Should schools place high expectations on primary school students?
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Should schools place high expectations on primary school students?

Should schools place high expectations on primary school students?

Research from the NSW Department of Education has found that high expectations serve as a powerful influence in improving student academic outcomes. 

The department’s Centre for Education Statistics and Evaluation (CESE) said holding high expectations of students in Year 5 could put them six months ahead in their learning by Year 7.

“Expectations for success is a measure of classroom context and represents the extent to which school staff value academic achievement and hold high expectations for all students,” said the report.

Researchers said where two students are identical in terms of socioeconomic status and prior academic performance, a student in Year 5 who agrees that their teachers have high academic expectations of them (and their peers) is over six months ahead in their learning by Year 7 (in terms of NAPLAN scores), compared with a student who does not agree. 

This impact is found regardless of the level of expectation students experience in Years 6 or 7.

Their data modelling also indicates that expectations for success have a unique and positive impact on performance every year. However, they note that for students who report experiencing low academic expectations, it is not too late to see gains in learning if these expectations improve in subsequent years.

“If a student shifts from reporting low expectations in Year 5 to high expectations in Year 6 or 7, it still provides a large boost to learning (up to the equivalent of four months’ worth), compared with students who continue to report low academic expectations,” it said. 

How do teacher expectations improve student success?

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Further research suggests that the impact of teacher expectations on students’ learning can be long lasting. Source: Shutterstock

The CESE report said extensive research demonstrates that when teachers hold certain beliefs about the potential academic achievement of their students, this can be confirmed in their students’ performance.

Studies suggest the expectations that teachers hold of their students have an impact on how they teach and interact with their students, and on how students experience the classroom environment.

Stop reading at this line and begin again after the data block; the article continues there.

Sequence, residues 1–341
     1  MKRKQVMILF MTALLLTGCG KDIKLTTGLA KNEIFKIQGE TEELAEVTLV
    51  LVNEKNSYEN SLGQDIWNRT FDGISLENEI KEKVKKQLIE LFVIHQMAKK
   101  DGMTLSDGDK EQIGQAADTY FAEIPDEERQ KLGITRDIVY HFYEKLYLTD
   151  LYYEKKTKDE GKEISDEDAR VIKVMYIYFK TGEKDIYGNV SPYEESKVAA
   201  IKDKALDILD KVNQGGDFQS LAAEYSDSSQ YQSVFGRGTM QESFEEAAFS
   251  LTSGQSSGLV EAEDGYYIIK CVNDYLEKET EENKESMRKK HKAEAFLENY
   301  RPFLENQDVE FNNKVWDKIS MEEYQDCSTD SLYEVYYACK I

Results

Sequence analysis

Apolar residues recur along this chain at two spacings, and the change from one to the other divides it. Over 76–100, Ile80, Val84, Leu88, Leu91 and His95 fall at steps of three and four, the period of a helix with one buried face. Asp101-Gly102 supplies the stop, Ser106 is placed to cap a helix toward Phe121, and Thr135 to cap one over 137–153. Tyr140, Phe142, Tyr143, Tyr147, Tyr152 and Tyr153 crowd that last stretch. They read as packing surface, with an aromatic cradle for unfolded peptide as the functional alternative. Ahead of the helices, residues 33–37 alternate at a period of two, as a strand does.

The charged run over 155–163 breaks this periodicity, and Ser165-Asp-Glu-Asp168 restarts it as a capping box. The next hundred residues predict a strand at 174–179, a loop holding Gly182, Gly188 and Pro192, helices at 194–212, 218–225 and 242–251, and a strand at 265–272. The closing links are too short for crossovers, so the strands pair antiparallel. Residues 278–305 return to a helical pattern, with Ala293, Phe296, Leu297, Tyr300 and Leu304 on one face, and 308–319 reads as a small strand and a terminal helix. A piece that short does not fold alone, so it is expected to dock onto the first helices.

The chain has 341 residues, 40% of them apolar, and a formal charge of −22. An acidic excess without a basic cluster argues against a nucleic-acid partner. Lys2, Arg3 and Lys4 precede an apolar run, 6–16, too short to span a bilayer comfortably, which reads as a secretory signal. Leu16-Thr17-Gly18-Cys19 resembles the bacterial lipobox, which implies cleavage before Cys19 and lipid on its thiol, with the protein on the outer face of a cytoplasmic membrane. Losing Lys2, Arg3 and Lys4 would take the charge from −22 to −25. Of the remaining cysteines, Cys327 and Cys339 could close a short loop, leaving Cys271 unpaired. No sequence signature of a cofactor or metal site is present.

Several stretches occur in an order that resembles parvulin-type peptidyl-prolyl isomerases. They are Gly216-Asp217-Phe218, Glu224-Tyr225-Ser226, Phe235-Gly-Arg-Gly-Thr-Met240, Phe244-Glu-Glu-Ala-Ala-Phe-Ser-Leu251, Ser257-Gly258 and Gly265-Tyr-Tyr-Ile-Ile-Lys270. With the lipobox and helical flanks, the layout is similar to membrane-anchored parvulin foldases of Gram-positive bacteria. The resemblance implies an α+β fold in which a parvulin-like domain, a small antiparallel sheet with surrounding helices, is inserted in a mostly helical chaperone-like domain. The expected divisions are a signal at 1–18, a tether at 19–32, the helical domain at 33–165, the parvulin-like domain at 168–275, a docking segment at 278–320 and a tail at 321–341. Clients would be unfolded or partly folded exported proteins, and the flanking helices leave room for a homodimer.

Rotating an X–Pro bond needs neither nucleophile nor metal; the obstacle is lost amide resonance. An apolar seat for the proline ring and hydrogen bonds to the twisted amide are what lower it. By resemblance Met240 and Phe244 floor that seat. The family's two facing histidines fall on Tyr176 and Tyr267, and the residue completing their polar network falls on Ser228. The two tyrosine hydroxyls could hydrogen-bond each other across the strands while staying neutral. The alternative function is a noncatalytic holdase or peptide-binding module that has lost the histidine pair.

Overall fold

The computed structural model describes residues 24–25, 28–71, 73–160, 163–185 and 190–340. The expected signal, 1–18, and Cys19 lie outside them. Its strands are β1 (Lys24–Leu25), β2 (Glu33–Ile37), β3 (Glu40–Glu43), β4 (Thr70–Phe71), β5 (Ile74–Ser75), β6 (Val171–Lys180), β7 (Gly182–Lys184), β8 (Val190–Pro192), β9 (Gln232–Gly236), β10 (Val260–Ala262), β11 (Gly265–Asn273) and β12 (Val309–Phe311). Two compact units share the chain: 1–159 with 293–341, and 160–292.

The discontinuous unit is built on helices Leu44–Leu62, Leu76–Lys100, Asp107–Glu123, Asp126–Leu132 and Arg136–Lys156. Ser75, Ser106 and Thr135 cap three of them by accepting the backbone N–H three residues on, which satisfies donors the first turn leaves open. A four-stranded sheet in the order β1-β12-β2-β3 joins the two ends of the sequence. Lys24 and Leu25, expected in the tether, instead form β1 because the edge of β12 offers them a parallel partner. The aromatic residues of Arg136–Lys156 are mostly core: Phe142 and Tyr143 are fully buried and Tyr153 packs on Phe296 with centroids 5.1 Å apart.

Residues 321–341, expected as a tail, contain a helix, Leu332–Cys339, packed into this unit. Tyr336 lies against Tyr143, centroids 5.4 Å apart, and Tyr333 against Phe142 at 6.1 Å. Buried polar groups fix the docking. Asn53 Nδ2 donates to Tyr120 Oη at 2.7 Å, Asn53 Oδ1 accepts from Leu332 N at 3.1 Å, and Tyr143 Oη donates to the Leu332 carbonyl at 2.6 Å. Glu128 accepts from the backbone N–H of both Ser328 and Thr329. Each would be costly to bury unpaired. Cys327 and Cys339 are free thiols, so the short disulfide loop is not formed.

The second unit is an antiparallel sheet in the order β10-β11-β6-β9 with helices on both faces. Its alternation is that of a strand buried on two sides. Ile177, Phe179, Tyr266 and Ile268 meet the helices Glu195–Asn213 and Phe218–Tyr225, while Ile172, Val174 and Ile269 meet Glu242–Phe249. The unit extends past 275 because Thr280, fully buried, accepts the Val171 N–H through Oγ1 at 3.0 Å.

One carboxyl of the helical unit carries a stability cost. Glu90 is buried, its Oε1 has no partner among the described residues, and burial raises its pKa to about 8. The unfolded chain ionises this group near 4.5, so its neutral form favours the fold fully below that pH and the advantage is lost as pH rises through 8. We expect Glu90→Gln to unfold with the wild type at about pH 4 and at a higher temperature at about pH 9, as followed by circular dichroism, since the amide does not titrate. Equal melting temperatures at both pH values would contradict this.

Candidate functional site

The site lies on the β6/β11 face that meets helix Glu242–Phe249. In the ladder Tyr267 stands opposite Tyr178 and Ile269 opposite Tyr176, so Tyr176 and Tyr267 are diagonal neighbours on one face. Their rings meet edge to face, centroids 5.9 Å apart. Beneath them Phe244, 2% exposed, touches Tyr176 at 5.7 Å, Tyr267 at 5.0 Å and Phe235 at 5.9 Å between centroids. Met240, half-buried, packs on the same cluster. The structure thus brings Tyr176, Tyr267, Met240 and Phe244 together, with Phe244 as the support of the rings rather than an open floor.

“For example, teachers are typically emotionally warmer and more supportive, provide clearer and more positive feedback, and teach more difficult material to students for whom they hold higher expectations. The learning experiences provided for and delivered to students, in the form of these different activities and challenges, can in turn influence how fast they progress,” they noted.

Give me that (right) attitude

Researchers found that when students report that their teachers deliver relevant content, they are at least two months ahead in their learning by Year 7, compared with students who say that their teachers do not provide relevant classroom instruction.

Meanwhile, early behavioural engagement, in the form of cooperative classroom participation, has benefits for sustained learning. The CESE report said a student in Year 5 who exhibits positive behaviour in class and at school, is at least five months ahead in their learning by Year 7, compared with a student who reports poor classroom behaviour. 

Students with positive attitudes to homework are, on average, two months ahead in numeracy by Year 7, compared with a student without. Teachers should consider providing positive feedback early, enabling students to recognise that homework is an important activity that helps them to learn. 

Results also showed that positive peer connections and friendships at school can benefit literacy learning. 

Students who were equal in socioeconomic status and prior academic performance were two months ahead in reading by Year 7 if they have positive friendships in school, compared with a student who does not agree.

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